Visit the Great Bonebed of Agate and learn about the death scene of hundreds of Miocene mammals, especially the small rhino, Menoceras. Discover the best examples of long-extinct creatures from 20 million years ago with names like Moropus and Daeodon. Learn how fossils were formed, discovered and analyzed.
Uses of buffalo parts and other natural items as tools, clothing, utensils, expressions of art and culture are discussed. See and touch reproduced American Indian items similar to those you will see in the James H. Cook gallery. Learn about "wintercounts" in general and a special wintercount that was painted for our museum. Concludes with a visit through the gallery.
Guided hike on the Fossil Hills trail, 2.7 miles roundtrip
Experience the natural mixed grass prairie and Niobrara River on the way to University and Carnegie hills, where universities and museums excavated the Agate Bonebed in the early 1900s. View geologic traces of the ancient river in the cliff face and learn to identify fossils.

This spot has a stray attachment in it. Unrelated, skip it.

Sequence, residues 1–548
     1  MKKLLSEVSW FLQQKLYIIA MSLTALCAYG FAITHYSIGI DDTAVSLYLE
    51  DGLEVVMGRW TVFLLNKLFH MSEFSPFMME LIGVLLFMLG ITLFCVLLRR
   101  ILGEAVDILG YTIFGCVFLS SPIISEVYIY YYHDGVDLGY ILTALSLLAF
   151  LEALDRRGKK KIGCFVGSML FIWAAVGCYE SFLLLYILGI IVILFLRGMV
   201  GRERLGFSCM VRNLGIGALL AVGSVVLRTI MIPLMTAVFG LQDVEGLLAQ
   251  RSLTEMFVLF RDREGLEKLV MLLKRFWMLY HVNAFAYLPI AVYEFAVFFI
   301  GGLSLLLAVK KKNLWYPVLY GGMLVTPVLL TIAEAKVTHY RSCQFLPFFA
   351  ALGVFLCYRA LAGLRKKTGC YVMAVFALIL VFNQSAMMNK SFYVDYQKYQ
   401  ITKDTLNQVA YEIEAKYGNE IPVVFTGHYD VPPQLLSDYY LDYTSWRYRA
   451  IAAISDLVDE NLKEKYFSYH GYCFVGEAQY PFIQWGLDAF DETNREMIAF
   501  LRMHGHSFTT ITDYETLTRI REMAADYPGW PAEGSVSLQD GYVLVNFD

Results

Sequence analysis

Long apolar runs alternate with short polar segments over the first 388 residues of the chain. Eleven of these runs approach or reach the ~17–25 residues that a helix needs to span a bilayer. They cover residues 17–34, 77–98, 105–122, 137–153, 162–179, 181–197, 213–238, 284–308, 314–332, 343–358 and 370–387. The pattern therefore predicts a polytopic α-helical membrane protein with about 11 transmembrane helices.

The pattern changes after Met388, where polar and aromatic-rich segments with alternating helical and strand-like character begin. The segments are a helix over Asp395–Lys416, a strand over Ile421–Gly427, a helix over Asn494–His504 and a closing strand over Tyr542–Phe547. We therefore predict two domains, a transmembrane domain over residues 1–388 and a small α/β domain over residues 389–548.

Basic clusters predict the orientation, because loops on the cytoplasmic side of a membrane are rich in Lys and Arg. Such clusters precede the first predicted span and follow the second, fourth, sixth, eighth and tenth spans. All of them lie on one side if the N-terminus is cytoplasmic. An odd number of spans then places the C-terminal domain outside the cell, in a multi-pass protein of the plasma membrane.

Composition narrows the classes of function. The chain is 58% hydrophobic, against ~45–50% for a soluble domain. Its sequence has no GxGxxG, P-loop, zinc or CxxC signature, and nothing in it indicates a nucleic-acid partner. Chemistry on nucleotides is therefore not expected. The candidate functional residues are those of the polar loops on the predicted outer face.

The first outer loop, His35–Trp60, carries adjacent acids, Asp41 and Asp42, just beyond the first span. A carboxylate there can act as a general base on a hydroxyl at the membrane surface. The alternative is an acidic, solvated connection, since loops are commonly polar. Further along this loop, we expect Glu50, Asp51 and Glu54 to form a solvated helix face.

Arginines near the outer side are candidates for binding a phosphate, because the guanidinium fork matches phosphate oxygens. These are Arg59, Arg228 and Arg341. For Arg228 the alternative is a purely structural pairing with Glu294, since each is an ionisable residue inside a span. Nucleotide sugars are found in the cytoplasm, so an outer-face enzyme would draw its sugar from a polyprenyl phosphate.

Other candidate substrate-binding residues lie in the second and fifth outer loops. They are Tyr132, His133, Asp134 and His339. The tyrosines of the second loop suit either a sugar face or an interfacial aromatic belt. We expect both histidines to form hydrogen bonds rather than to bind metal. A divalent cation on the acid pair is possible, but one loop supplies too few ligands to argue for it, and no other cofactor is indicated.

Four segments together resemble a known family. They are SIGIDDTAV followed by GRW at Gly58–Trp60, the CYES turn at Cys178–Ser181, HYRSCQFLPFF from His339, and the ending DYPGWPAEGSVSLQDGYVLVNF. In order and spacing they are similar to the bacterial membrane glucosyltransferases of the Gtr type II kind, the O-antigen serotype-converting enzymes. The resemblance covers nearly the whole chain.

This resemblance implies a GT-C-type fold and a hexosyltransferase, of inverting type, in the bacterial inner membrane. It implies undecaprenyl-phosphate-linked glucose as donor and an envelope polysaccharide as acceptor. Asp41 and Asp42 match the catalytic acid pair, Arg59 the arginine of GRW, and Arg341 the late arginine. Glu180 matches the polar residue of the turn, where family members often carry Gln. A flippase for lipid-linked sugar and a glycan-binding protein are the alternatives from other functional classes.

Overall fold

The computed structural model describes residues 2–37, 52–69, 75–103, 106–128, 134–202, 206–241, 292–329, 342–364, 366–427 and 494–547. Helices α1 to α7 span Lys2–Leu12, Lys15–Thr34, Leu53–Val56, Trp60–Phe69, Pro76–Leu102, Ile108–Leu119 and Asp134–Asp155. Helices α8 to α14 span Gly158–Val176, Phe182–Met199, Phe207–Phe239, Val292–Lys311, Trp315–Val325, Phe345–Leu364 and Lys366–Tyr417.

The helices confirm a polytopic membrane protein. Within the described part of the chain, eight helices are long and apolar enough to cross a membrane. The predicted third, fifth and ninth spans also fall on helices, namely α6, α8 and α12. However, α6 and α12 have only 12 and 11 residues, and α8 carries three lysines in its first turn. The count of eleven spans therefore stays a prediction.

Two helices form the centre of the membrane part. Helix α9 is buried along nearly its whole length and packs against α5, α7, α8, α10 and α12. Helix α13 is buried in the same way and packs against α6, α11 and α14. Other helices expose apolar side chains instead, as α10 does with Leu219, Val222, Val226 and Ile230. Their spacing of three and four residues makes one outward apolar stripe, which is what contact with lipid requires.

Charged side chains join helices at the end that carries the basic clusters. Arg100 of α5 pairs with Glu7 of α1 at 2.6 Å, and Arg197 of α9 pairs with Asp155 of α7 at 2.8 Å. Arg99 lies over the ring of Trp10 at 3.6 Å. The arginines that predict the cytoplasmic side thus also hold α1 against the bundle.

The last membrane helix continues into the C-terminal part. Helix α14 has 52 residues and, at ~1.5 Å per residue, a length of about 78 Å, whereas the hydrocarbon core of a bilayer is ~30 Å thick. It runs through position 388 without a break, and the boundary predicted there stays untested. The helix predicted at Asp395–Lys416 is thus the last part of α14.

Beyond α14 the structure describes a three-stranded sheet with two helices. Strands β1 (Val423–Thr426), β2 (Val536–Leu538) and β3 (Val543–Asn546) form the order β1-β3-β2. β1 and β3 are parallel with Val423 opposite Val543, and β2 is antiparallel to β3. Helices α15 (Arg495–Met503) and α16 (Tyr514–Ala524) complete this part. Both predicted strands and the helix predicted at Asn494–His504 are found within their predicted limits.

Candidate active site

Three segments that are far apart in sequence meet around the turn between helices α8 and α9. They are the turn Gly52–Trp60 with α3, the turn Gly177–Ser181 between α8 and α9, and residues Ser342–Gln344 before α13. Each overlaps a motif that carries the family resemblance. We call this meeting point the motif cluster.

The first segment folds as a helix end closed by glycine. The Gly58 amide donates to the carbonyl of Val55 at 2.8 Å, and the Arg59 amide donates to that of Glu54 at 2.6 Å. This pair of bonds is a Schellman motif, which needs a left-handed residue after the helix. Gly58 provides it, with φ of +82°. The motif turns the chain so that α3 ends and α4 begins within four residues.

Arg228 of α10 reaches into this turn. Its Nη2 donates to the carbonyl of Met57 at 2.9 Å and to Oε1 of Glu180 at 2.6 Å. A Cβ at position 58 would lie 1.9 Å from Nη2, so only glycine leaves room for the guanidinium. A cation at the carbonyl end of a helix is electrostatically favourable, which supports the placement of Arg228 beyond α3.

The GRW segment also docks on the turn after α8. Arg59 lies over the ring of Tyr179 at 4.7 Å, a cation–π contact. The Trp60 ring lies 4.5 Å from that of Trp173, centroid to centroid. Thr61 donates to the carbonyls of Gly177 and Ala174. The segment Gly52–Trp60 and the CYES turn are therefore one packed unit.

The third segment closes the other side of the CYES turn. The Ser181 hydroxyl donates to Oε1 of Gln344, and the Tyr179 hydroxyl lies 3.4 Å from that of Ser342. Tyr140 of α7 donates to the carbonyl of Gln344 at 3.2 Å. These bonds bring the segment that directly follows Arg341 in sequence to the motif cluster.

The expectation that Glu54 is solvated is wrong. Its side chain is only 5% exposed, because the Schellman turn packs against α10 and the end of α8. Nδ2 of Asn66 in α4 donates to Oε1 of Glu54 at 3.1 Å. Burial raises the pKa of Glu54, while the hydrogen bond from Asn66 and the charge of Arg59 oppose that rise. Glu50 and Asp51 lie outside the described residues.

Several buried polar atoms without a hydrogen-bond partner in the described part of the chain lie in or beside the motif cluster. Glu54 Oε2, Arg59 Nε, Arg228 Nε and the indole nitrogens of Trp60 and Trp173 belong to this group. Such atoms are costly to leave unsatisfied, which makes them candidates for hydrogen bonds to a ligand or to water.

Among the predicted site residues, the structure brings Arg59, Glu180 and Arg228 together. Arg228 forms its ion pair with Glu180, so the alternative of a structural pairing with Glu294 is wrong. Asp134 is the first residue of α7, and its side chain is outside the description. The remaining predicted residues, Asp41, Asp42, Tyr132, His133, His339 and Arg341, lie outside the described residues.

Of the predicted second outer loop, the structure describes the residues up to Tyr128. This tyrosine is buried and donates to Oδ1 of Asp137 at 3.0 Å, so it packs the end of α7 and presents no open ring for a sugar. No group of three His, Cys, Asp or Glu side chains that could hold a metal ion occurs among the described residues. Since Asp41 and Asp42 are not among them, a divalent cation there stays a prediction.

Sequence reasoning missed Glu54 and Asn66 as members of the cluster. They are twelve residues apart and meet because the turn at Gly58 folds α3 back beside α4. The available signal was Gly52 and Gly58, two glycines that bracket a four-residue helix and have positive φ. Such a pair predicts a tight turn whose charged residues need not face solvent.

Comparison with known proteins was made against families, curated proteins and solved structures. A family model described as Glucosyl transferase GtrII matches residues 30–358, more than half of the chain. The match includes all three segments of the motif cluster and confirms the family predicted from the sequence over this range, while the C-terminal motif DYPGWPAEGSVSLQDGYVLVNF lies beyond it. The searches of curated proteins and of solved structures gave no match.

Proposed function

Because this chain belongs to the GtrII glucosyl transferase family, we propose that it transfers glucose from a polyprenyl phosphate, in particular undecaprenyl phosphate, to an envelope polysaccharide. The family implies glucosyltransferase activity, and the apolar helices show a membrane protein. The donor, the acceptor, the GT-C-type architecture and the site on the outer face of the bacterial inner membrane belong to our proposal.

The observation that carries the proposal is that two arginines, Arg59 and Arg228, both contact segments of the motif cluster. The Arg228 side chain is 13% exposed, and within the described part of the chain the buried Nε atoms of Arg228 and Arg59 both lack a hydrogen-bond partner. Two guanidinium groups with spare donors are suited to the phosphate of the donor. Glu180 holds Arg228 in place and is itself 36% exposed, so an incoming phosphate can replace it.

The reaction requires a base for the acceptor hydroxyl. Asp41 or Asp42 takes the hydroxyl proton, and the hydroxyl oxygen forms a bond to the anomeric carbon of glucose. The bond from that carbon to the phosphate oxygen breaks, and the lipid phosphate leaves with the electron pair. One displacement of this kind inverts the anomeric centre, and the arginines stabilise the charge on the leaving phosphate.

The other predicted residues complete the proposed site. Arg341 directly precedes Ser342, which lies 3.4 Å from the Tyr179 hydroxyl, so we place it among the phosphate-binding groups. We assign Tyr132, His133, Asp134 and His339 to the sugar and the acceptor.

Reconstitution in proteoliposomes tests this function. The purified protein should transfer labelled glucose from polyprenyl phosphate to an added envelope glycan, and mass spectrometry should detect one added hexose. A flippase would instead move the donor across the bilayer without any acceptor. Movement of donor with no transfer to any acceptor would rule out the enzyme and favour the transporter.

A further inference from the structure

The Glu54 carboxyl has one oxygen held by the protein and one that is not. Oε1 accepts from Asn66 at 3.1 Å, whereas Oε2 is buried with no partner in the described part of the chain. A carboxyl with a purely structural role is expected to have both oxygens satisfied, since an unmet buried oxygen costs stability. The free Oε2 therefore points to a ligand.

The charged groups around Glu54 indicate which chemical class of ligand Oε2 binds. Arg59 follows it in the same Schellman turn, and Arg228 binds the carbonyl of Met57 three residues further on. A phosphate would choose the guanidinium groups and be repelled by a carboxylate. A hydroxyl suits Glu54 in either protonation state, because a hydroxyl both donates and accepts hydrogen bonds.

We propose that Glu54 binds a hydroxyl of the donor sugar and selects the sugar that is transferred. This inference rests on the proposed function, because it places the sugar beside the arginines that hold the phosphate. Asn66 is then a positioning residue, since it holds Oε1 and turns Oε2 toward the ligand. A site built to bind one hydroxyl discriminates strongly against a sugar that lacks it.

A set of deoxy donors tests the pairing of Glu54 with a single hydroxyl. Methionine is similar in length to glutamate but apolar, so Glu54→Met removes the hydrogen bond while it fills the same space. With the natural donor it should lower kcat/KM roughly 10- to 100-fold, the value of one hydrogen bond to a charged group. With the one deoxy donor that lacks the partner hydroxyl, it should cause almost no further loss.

Guided hike on the Daemonelix trail, one mile roundtrip
Learn about the mysterious trace fossil "Devil's Corkscew" that first captivated the paleontologists' time and interest. View the Agate Springs ranch where James Cook lived and the American Indians visited. Learn to identity paleosols and other evidence of long past landscapes.
Field trips usually range from one to four hours, depending on the size and interests of the group and time available. Trails have easy-to-walk surfaces with gradual elevation gains of 100+ feet.
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